Why Sylvia Striplin Is Important To Hip Hop

Some samples used in hip hop songs are brilliant. Naughty By Nature’s “Hip Hop Hooray” is an excellent example. The full version of the song begins with a ham-handed sample of Peter Gabriel’s “Sledgehammer.” There’s little creativity on that point but you have to give it up for the use of an almost-hiccuping voice — a snippet of less than a second — repeated throughout the song. The first instance of the sample is at 20 seconds in on the YouTube link above. Such a small part of the song that, for me, gives a big payoff.

The sample is from Sylvia Striplin’sYou Can’t Turn Me Away.” The song was the B-side of a record from a somewhat obscure R&B/jazz artist. This begs the question as to why some producer thought a snippet of this obscure song could add something special to an otherwise infectious hip hop anthem. I don’t think there is an explanation; however, remove the sample and “Hip Hop Hooray” loses its vibe.

The sample in the Naughty By Nature song is sounds even more brilliant when compared to the ham-handed use of the Striplin song in Notorious B.I.G/Junior M.A.F.I.A. hit, “Get Money.” [NSFW] The difference between “Hip Hop Hooray” and “Get Money” isn’t subtle. The former demonstrates artistry and the latter seems almost as an attempt to ride the coattails of a well-crafted Naughty By Nature anthem. So throw your hands up for Ms. Sylvia Striplin and wave them side-to-side for Naughty By Nature’s creative use of her vocal.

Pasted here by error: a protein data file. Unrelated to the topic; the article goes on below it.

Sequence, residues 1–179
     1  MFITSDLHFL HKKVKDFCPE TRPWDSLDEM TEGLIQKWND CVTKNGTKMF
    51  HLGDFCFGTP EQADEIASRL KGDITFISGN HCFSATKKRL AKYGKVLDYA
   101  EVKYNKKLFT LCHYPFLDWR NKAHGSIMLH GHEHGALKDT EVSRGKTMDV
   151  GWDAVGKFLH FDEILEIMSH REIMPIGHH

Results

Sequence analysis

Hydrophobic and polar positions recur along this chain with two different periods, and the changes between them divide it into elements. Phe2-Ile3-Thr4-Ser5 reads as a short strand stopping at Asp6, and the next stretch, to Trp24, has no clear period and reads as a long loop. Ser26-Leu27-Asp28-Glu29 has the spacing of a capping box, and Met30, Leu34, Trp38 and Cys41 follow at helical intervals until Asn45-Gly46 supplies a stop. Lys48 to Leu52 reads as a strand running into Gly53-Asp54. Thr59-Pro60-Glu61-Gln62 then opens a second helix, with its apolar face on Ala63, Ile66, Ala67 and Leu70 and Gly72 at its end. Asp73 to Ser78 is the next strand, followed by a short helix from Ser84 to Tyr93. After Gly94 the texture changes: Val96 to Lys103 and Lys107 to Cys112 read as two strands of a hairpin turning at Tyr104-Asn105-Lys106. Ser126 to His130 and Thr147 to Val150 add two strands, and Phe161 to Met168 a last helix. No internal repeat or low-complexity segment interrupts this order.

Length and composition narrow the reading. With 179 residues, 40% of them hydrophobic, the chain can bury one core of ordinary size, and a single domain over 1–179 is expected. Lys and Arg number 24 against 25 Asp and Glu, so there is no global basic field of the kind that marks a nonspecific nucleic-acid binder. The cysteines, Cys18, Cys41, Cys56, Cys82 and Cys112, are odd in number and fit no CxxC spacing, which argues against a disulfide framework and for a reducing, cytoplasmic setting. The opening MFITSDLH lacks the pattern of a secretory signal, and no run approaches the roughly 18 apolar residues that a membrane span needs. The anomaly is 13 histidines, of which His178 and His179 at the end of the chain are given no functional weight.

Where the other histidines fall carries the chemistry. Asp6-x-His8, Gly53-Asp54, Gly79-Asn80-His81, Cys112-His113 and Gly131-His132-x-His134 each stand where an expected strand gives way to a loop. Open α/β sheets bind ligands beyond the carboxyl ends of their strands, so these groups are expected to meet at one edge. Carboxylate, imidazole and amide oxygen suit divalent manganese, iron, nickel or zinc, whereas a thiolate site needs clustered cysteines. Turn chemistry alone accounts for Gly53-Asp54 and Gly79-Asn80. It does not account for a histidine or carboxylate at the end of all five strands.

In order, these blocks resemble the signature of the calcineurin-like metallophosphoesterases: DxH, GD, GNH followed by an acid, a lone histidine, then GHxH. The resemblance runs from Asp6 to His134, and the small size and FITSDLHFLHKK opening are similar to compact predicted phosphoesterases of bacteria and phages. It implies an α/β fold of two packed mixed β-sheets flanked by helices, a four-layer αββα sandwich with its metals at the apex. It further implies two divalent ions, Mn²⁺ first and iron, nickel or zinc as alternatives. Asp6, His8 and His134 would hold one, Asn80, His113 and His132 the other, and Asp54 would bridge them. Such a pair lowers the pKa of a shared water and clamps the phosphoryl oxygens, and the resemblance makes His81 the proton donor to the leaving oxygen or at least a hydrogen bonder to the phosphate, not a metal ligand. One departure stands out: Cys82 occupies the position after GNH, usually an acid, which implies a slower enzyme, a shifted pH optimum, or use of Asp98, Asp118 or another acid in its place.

Alabama Shakes – Sound & Color

DNA: Bon Scott vocals and lyrics like Tori Amos and Roger Waters

You’re not going to casually listen to Alabama Shakes, no sir. You’re going to be taken on a wild ride of emotion and be left sweating at the end of this album. Sound & Color is raw emotion bottled for your consumption.

Critics point to Janis Joplin as an easy comparison to Brittany Howard’s vocals. That comparison is insufficient. Howard lists AC/DC’s Bon Scott and David Bowie as her influences, and that gives you a more accurate description. Her vocals and lyrics are the big draw for this band; however, the other musicians are stellar without stepping on Howard’s ever-changing vocal approaches to the songs.

The album’s first song, “Sound and Color“, is a nice introduction to the musical mayhem awaiting the listener. It blends bluesy vocals with almost a lounge-sound backdrop. Alabama Shakes doesn’t waste any time thereafter, throwing you right into “Don’t Wanna Fight.” Listening to the song evokes the times when you overheard your parents fighting in the house. The hardest hitting song on this album is “Gimme All Your Love“; the vocals leave you speechless.

The lyrics are honest, brutally honest. “Over My Head” is one example of Howard’s confessions. The song structures differ throughout the album, as well. These aren’t formulaic blues or rock songs. “The Greatest” is a driving and hard-hitting song. “Shoegaze” borrows from The Rolling Stones (Sticky Fingers era) and T. Rex.

I recommend that you listen to both Alabama Shakes’ albums: “Boys & Girls” and “Sound & Color.” They are both solid albums. I also recommend that you read the band’s story and rise to fame; it’s a great story (here and here). Also, take a look at Brittany holding her own with Paul McCartney (here).

On a scale of Mel Sharples (“Forget It”) to Jean “Flo” Castleberry (“Get), both “Sound & Color” is a Flo 10.

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